Review: Trials of the Blood Dragon (Sony PlayStation 4)

7 mins read

Review by Nick H.

I have to give Ubisoft credit, because at times it comes out with corkers, and they often come out of nowhere. Trials of the Blood Dragon is another example of the publisher being willing to take some chances with its existing properties. It’s not perfect, but it’s genuinely good to see the intent behind the game.

Let me begin by saying that Trials of the Blood Dragon is not a bad game, but it is a decidedly average game that is uneven in its overall presentation. We begin by following the exploits of Roxanne and Slayer – the children of Rex “Power” Colt and Dr. Darling from the first game. The timeline is several years later after Dr. Darling has come up missing and Rex is killed in action. Their children have picked up the mantle of American Heroes.

It is all ridiculous and over-the-top, much like the original Blood Dragon game. The obvious difference is that instead of slapping a neon soaked visual aesthetic with blaring rock music on top of a Far Cry game, the developers at Ubisoft applied it to the Trails franchise instead. The result is something that feels like a solid homage to the old 80’s action flicks I grew up with. Visually Trials of the Blood Dragon can be a lot of fun, but the attempt to blend a shooter with a bike racing game is not a smooth one.

When the game starts, you roll out in familiar Trials style. This is a good thing as the Trials titles are generally awesome, and I found myself right at home accelerating into big jumps and rocking my bike back and forth to perform flips and stunts before sticking the landing by lining up the angle of my wheels with the slope of the ground beneath me. The in-game chatter and ridiculous 80’s cartoon cutscenes actually make for a campaign mode for Trials with a bit of story. It is silly, tongue-in-cheek stuff and that is just fine – it is actually what I would have expected as we play Stlayter during these parts.

The problem is when the game deviates from its successful motorbike roots. It slowly trickles in some weak gunplay bound to the right stick, giving it a strange twin stick shooter vibe as you steer your bike with the left stick. Generally speaking I found it more effective to simply run over enemies, rather than shoot them, and as such I found some of the sequences do test your ability to do a few things at once as you accelerate, jump and fire at enemies to be really irritating. But then, even if the developers had made the whole game focused on this experience, with its disappointing gun mechanic, I think Trials of the Blood Dragon would have been alright.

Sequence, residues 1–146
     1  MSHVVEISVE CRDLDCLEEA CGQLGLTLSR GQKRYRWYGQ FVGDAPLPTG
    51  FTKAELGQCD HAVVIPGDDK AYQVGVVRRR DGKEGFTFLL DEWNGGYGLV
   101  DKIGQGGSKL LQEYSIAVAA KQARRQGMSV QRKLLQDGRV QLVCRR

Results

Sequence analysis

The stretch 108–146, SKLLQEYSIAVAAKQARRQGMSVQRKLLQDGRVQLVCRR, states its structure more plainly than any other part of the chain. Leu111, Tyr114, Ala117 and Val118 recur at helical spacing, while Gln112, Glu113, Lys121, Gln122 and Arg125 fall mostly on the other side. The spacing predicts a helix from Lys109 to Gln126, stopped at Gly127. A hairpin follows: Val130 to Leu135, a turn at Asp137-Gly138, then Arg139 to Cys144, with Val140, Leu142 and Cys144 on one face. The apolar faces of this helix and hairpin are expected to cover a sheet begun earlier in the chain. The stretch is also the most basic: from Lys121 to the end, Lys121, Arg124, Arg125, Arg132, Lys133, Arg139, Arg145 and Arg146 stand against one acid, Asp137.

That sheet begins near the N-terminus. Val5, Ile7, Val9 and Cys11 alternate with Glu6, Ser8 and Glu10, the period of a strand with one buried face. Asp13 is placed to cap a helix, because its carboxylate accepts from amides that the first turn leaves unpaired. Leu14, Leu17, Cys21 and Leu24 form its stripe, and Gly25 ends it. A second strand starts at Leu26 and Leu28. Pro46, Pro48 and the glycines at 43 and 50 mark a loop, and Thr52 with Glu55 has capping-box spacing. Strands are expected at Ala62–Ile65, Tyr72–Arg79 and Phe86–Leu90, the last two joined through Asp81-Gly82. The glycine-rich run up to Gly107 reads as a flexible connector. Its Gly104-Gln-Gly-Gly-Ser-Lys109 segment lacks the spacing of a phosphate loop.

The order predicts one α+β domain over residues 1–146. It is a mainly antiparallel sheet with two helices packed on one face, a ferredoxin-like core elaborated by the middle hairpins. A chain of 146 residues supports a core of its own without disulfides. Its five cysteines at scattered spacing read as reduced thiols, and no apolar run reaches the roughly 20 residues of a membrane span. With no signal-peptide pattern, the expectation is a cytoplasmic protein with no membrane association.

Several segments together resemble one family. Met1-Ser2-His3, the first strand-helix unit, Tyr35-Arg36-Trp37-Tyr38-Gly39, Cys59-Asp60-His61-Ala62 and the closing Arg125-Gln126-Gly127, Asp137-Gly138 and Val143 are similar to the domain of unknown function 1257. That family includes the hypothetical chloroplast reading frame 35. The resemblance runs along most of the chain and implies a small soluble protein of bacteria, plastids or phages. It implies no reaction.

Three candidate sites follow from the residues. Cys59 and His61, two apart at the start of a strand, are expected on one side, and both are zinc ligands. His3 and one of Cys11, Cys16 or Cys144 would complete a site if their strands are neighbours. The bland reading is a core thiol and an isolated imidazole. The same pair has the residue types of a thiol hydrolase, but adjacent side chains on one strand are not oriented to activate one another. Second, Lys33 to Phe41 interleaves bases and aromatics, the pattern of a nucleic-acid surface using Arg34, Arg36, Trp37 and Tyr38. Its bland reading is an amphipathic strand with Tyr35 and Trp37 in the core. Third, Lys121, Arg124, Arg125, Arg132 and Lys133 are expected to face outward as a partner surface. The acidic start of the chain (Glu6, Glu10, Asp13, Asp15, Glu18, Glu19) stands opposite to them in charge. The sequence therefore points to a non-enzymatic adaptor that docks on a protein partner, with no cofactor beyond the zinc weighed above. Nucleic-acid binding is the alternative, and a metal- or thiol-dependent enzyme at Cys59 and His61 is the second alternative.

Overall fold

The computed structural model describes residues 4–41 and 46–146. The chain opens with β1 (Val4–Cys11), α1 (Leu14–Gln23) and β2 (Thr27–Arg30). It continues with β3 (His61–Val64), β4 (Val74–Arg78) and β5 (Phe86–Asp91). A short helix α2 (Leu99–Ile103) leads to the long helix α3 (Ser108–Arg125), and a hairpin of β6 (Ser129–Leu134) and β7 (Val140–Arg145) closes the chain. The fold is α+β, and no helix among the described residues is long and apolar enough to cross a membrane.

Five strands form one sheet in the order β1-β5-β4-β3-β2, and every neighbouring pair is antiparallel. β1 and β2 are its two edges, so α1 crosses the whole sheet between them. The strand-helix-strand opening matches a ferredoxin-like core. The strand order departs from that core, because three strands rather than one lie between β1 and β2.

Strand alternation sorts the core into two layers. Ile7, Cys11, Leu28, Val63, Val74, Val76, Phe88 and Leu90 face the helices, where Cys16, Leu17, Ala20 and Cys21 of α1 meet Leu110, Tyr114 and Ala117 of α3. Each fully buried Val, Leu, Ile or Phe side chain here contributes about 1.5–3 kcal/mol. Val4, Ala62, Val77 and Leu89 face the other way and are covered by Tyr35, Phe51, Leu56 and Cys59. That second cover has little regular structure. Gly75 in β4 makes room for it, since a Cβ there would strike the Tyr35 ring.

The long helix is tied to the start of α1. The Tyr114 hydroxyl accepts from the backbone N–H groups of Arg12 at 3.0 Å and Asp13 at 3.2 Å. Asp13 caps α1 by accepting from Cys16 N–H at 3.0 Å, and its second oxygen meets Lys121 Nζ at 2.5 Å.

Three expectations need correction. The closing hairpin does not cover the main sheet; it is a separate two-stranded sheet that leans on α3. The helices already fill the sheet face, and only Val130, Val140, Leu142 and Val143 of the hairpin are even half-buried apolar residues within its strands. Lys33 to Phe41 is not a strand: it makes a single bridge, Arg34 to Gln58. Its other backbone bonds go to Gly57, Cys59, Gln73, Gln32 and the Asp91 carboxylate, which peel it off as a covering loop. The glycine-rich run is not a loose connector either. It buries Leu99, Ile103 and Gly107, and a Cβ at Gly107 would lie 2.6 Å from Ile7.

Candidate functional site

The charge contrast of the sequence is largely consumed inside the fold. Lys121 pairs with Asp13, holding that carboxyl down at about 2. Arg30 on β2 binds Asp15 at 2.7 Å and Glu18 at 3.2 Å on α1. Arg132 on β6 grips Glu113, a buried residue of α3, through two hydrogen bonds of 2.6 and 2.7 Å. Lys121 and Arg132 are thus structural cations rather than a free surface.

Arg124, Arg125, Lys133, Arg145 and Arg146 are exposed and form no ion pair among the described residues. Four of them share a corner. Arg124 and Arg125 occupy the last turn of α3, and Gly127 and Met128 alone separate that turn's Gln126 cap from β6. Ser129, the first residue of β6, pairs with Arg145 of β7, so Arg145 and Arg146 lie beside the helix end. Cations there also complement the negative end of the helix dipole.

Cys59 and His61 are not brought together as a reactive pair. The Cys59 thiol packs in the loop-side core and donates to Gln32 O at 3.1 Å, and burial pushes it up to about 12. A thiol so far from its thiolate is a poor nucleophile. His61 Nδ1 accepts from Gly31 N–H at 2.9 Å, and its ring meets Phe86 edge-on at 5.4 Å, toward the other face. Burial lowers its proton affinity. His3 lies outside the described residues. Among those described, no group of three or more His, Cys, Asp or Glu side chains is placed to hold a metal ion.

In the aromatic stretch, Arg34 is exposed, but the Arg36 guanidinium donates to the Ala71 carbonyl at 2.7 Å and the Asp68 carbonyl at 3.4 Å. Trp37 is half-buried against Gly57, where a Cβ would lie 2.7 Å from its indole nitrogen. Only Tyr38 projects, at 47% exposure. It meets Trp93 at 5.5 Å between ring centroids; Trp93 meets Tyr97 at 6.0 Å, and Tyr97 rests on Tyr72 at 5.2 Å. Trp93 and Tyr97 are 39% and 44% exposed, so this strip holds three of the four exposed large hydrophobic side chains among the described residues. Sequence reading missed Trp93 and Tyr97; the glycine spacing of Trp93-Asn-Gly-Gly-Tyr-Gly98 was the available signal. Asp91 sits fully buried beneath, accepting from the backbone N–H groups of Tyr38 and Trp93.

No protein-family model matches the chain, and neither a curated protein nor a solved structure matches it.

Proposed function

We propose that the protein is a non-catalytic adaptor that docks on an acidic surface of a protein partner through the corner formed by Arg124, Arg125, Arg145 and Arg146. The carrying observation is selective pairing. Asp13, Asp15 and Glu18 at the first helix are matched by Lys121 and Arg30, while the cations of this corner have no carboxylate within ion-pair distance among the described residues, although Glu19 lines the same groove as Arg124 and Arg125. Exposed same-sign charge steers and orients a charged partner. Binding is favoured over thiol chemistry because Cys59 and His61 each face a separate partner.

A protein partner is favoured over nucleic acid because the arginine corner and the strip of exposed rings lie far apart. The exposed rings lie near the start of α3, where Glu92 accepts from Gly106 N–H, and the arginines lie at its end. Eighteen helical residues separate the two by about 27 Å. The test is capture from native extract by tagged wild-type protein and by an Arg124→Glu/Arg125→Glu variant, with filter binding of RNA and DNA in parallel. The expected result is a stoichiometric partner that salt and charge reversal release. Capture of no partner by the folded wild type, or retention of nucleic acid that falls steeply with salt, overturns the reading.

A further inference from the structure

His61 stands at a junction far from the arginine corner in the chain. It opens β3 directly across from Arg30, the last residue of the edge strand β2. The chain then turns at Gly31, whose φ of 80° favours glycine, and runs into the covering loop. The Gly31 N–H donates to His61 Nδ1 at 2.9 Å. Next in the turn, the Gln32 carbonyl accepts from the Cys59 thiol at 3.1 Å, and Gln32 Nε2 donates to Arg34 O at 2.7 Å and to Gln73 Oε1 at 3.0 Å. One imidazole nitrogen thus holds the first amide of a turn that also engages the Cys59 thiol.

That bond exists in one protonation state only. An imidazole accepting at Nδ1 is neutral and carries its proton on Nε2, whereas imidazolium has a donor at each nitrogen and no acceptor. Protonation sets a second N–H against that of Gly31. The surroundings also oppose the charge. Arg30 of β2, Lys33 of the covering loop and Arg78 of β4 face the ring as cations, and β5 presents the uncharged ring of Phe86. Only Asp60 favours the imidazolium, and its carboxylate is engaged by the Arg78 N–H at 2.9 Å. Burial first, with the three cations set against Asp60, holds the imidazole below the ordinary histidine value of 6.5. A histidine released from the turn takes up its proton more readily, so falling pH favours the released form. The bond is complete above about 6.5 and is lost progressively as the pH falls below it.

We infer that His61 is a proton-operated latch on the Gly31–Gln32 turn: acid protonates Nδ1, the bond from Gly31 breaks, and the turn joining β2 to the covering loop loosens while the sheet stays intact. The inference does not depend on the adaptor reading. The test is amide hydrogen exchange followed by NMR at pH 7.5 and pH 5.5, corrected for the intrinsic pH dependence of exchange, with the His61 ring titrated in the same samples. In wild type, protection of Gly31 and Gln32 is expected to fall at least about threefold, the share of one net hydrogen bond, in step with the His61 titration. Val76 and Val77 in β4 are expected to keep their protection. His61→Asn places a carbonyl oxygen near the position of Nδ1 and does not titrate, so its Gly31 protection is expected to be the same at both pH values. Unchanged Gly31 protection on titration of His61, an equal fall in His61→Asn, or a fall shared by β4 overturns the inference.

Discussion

The real issue comes from when we take on the role of Roxanne. She is the ‘smart and stealthy one’ to Slayter’s ‘reckless and speed-loving’ character. Roxanne is fine as a character, but her scenes play out as an action platformer, and they are really unsatisfying. The jumping controls are floaty, and the shooting is again mapped to the right stick as you control the character with the left. Everything is imprecise, repetitive and essentially drains any momentum the game has going for it. There is the impression at first that these sequences would involve some exploration, but in reality it is all pretty linear stuff – just without the feeling of speed and explosive set pieces of the bike sections.

A few other diversions are trickled in, such as the use of a grappling hook or taking over an RC car that essentially flips this way and that as it relies on the triggers to move left or right as it slinks into narrow spaces. There is also some unfortunate jet pack sections that simply do not work well either. Each stage culminates in reaching a goal that ends the mission, and while the Trials games are built around the idea of learning a track and going back to better your time and score, I had little desire to do so with any of the non-motorbike sections. This is a concern since the core game can be beaten in under two hours, so that replay value – or lack thereof – leaves this a too-brief experience.

In between missions, there is an interesting hub area at least. Here you see the siblings camped out in their room, studying a leaderboard screen or exercising – something along those lines. You can check out the old 80’s radio and change the station/pick new songs from the soundtrack to listen to. There are sticker packs you can unlock and open that allow you to fill up sections of a sticker book (I hadn’t even *thought* of a sticker book in probably twenty years, so kudos for that bit of nostalgia). You can look at the posters to select your next mission or replay earlier ones as well. The way all of these things and more are baked into this hub room was neat, but it is not enough to save the game from some of its more grating design choices.

There is a solid core game here in Trials of the Blood Dragon, the problem is when the team extends away from that core to do other things. Not all of the motorbike tracks are great, but that is true of the Trials games as well. The platforming segments are terrible, however, some of the more bombastic and colourful stages are an absolute joy to play, and the neon visuals and pounding soundtrack do an excellent job of selling the action.

– Nick H.
US Editor

This is the bio under which all legacy articles are published (as in the 12,000-odd, before we moved to the new Website and platform). This is not a member of the DDNet Team. Please see the article's text for byline attribution.

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